While squeezing land rent out of peons may seem to be a thing of the past or confined to Third World countries, it’s not. It still goes on in America and Europe but more subtly. Now in the developed world the majority pay land rent when they “rent” (lease, actually) an apartment or pay the interest on a mortgage. Next, banks sell those mortgage debts to Wall St who bundles and resells them to the unwary. Thereby, rent gets concentrated into fewer and fewer hands, just like in the old days, but not quite so blatantly.
There is an obvious solution to rent-seeking and rent-winning. That is, don’t pay an individual owner for land but pay one’s community. Each resident would pay land dues into the public treasury and get rent dividends back. Thus everybody would be compensated for keeping off each others’ land, land being something to which we all have an equal right, since all of us need land in order to live. Another ethical underpinning is that the value of one’s land is not generated by the landowner but by the surrounding community — location, location, location, as the realtors say.
Some places use parts of this geonomic reform. Sydney Australia and many places levy a land tax. Aspen CO, Alaska, and British Columbia pay rent dividends from various sources and to various degrees. But the world still awaits total implementation.
To accomplish this simple reform, some famous thinkers have suggested a more heavy handed approach.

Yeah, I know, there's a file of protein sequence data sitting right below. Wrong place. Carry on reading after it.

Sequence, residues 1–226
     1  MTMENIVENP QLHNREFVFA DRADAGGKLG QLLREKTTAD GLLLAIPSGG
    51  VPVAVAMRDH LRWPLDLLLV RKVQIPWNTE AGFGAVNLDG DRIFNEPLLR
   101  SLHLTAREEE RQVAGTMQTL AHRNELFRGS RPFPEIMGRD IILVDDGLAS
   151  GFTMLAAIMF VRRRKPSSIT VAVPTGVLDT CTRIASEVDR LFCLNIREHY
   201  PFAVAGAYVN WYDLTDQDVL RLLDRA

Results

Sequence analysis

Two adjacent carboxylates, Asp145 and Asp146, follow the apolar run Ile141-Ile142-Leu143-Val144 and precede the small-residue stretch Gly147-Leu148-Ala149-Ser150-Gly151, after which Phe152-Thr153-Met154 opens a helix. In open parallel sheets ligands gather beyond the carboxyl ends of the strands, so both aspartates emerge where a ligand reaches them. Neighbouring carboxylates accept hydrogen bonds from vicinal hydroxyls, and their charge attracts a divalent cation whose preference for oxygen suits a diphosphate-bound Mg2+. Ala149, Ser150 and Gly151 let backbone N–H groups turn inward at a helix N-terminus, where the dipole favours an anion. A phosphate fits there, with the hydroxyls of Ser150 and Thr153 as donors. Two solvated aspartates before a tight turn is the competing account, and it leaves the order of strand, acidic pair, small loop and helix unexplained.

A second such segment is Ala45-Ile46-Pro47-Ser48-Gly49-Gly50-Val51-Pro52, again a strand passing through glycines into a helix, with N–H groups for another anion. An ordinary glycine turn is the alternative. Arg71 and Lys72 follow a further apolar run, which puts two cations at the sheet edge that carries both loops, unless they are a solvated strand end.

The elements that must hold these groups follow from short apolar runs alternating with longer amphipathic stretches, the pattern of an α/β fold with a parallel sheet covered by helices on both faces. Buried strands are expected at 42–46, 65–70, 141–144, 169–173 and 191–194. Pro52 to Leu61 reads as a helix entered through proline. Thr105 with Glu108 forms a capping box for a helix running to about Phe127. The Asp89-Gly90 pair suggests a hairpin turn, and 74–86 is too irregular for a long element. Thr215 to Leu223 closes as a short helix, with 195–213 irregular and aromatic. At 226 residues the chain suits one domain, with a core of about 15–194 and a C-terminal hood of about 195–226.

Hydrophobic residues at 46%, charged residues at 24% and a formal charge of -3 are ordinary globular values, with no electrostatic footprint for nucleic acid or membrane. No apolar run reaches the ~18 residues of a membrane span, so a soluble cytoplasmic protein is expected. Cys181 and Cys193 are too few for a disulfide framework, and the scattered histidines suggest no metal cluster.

Léon Walras (French pronunciation: [val_as]; December 16, 1834 – January 5, 1910) was a French mathematical economist. He discovered the marginal theory of value (independently of William Stanley Jevons and Carl Menger) and pioneered the development of general equilibrium theory. Much like the Fabians, Walras called for the nationalization of land, believing that land’s value would always increase and that rents from that land would be sufficient to support the nation without taxes.
JJS: Some thoughtful modern economists also advocate land reform and use rent — a society’s spending for land — to explain the business cycle and much more.
Land Booms, Capital Stretch-Out, And Banking Collapse
When land is first overpriced, credit is extended farther in order to accommodate it. That is, banks lend on overpriced land, counting on a further rise. When the rise slows, they extend the loans, sometimes even granting new loans for paying interest on old loans. They use political pressure to get governmental agencies (e.g. the World Bank) to extend or underwrite these risky loans (e.g. in Latin America). When the bubble bursts, the loans are not repaid. This destroys capital.
JJS: Studying the economy while ignoring rent is like studying anatomy while ignoring blood. Yet professional economists get paid to do just that. And economic policy, and the people who must live by it, suffer for it.
A New Heresy — Abolish Corporate Income Taxes